Laptops for schools should have been iPads


opinion In November 2007, when then-Opposition Leader Kevin Rudd promised every Australian student between years 9 to 12 would receive a laptop if he took power, courtesy of a new billion-dollar Federal Government grant, the iPad was little more than a twinkle in Steve Job’s eagle eye.

Although the existence of the mythical Apple tablet had long been rumoured, debated and agonised over by millions of Cupertino-watchers located around the world, it would take several more years before Jobs would eventually take to the stage and reveal his “magical” tablet to the world.

Of course, with the benefit of hindsight, it should have been impossible to miss the signs that Apple was once again planning to revolutionise the consumer electronics market. The increasingly commoditisation of components used to create the iPad had already been made clear by the explosion in netbooks, which had seen manufacturers take existing pricey laptops and downsize them into a cheaper and more portable form factor for lighter use.

And the release of the iPhone some twelve months previously (although not in Australia) had already starkly demonstrated that mobile phones could be so much more than devices for placing calls. The iPhone, in fact, was never principally a telephone. It has always primarily been used as a mini data tablet, of a similar type to the tricorders so loved by Star Trek enthusiasts. And we’ve even had them before. HP’s appropriately named iPaq is a notable example, but many will remember Apple’s previous tablet, the Newton, which was loved by many but died a slow death in the late 1990’s. The iPhone was merely the new Newton, with a mobile phone chip attached.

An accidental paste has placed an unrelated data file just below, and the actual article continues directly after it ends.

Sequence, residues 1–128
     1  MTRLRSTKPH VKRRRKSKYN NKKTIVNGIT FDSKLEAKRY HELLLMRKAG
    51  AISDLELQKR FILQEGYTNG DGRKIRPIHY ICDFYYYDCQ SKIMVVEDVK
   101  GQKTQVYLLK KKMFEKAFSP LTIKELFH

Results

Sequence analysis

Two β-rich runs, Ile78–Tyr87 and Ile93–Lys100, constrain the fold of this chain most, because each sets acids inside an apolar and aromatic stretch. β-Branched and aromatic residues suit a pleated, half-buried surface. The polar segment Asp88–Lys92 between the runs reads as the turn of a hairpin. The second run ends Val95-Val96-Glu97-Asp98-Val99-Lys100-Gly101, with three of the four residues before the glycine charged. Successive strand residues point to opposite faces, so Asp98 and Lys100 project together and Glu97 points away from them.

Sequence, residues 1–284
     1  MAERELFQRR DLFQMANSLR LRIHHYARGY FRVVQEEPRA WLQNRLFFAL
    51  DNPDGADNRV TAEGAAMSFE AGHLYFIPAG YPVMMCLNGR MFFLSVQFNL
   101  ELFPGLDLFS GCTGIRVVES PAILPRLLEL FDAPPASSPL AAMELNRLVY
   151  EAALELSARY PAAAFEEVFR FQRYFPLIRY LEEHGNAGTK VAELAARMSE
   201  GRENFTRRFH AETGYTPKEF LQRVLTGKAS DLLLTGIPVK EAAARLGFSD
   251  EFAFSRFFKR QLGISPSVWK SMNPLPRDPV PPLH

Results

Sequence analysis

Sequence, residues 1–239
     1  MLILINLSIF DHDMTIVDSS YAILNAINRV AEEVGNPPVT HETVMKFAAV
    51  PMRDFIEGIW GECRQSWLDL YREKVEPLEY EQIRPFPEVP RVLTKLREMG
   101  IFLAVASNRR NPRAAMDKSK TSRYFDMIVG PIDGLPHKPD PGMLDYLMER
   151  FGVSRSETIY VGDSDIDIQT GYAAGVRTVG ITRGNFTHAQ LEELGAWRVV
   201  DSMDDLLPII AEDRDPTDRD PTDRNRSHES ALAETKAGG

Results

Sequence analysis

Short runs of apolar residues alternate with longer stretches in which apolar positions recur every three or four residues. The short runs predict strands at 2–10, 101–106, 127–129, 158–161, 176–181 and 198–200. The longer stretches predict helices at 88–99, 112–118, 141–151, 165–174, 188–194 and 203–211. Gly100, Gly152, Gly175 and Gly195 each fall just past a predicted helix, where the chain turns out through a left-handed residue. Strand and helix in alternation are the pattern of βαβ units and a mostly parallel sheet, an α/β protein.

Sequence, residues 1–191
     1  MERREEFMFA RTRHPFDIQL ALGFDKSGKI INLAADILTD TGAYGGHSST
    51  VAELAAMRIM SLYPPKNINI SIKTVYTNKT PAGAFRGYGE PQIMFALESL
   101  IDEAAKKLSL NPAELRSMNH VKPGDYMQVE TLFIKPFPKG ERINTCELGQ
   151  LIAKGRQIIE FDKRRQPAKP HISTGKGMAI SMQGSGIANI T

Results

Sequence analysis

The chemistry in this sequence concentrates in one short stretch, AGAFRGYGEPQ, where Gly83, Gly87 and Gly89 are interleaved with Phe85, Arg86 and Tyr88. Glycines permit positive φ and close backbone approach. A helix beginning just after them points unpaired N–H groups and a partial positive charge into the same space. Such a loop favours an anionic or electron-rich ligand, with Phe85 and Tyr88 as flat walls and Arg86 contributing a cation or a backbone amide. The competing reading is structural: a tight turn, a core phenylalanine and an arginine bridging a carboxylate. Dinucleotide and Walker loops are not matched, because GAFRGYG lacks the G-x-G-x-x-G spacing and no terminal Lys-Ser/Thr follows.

When you take all of these factors into consideration, the birth of the iPad was inevitable.

However, in late 2007, it was, of course, impossible to know all this. Netbook fervour was in full swing following the release of the ASUS Eee PC, and everyone — just everyone — had to have a netbook for more relaxed days when they didn’t need to carry around a full-featured laptop and were away from their desk.

And Kevin Rudd’s Labor election team bought into the incredible levels of marketing hype in as big a way as it could.

For the first time, policy advisors reasoned, it would be possible to fully unleash the potential of technology in education through universal access to critical tools — at a price which goverments could afford. A meagre billion dollars — pocket change for a big-spending Labor Federal Government — would put this new class of laptops in the hands of every senior student in Australia.
What a glorious dream!

As an election policy, Labor’s Digital Education Revolution was a gift from the gods. Coupled with the National Broadband Network initiative, it allowed the party to appear forward-thinking, visionary. Terms like “investing in the future” were being thrown around with aplomb and you could almost feel a better, more connected future arriving on our doorstep.

However, as it turns out, the netbook revolution was a furphy, a false alarm; the consumer electronics equivalent of a boy frantically crying “wolf” and creating mass panic. The real revolution, when it came several years later with the iPad, crept up on us. Tablets, not netbooks, are now the order of the day for a second or third computing screen for Australians — and they may soon become the primary computer that many of us every day.